Other than a few photos I used for an April Fools' Day post, I never posted any photos from our trip to Argentina last fall. Probably because I didn't have a blog then. I'm finally processing some photos to get prints made and thought you might enjoy a look at life in the Southern Hemisphere.
Our first stop after Buenos Aires was Iguazu Falls, located at the border of Argentina and Brazil.
The park is huge, and we ended up visiting it two days to soak it all in. And yes, I mean soak. We stood where those crazy folks are in the first photo, and if you look closely at the bottom right of this photo, you'll see a motorboat about to head into the falls. We took that ride as well. It was a lot of fun, and I didn't mind getting drenched with very cold water as the temps in Iguazu were in the upper 80s with high humidity.
We also took a slower boat ride in the upper Iguazu. I suppose if the guide had taken a wrong turn, we could have gone down the Garganta del Diablo (Throat of the Devil, seen in the upper left of the wide angle view of the falls), but I think keeping the tourists alive is a big part of the park's mission.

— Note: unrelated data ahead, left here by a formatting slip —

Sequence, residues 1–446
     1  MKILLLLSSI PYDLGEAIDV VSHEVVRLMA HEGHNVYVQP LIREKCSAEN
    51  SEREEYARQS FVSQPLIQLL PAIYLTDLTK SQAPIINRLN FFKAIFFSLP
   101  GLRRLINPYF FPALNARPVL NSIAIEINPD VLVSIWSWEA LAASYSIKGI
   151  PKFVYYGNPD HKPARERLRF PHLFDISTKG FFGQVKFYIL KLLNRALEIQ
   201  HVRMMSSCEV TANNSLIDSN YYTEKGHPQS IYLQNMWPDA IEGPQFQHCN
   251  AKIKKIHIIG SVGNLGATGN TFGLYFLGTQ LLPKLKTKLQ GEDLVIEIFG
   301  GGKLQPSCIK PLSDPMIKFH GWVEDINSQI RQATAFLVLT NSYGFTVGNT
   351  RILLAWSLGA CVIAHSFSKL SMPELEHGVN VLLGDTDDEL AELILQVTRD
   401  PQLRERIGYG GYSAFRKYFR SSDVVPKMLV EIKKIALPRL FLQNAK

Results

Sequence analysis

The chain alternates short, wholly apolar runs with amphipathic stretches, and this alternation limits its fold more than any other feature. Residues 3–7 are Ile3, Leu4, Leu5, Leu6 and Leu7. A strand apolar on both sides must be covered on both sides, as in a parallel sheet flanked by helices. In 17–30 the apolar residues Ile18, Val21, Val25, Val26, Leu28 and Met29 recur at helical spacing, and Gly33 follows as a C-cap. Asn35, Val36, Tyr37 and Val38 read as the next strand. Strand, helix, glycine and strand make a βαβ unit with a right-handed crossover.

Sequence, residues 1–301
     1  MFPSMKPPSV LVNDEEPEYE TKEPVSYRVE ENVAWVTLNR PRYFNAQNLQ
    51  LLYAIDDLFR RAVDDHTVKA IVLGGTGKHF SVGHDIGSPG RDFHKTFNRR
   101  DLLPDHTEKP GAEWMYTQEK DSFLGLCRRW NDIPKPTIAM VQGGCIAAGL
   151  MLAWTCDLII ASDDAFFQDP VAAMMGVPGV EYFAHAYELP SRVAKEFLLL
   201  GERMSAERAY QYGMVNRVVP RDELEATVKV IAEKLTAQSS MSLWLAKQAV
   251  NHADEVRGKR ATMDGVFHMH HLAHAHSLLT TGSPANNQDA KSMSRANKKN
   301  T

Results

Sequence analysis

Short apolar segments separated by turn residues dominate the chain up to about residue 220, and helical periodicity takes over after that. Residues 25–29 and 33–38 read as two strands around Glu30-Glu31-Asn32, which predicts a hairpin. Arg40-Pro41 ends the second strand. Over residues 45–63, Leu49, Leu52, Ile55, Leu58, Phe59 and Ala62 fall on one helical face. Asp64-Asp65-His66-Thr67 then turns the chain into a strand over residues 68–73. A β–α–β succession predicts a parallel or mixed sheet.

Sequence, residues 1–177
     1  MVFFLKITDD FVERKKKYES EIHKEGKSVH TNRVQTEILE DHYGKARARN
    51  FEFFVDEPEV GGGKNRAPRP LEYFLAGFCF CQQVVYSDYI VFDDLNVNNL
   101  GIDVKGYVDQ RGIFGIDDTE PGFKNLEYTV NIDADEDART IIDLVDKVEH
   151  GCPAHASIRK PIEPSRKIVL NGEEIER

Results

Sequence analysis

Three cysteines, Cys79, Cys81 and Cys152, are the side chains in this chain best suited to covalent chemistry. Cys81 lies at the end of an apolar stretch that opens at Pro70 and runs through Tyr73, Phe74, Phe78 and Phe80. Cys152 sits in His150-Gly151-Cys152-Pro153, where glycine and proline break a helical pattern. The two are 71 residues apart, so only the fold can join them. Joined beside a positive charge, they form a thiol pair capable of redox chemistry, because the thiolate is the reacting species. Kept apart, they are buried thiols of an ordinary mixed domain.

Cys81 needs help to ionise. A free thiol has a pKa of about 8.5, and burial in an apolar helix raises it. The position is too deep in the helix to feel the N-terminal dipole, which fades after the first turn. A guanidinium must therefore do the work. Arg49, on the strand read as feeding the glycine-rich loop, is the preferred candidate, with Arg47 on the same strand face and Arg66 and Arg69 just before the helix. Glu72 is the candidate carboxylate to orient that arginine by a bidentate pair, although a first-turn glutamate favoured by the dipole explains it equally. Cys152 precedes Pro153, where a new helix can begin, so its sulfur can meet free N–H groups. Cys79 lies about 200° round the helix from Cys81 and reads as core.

While on this boat ride, I learned that the angel's trumpets growing 15 to 20 feet high along the banks are hallucinogenic. Maybe that's why I didn't get a better picture of their size.
Other familiar plants in the area included this hibiscus:
Even if it grew more like a tree than a bush.
Some of the other plants were unfamiliar to me, like this one with purple tube flowers. Maybe you know it?
I also couldn't find a name for this fruit tree. Some of the fruit grows directly out of the bark instead of on branches.
I also can't identify the many butterflies we saw. My NWF field guide covers North American insects only. And well, we were in South America. Does that mean the butterflies there fly in the opposite direction?
Some of these definitely look similar to ones in my book, but I am not positive on the identifications.
I was surprised to find in my photos one of a bug.
I thought my bug love had just started this fall with my entomology training. I certainly couldn't identify many bugs then, and I definitely hadn't inspired a song but I guess I was budding bug lover in training.
One of my favorite parts of the park was the signage. As is common in tourist places where many languages are spoken, the park used visuals more than words to convey meaning. Near the waterfalls above, I found this sign:
Perhaps a little too visual was this sign:
Even if that does look like the friendlist snake ever.
My favorite sign though had to be this one:
I hope to post some more photos from other parts of Argentina, as I wade through the 2,000+ I took.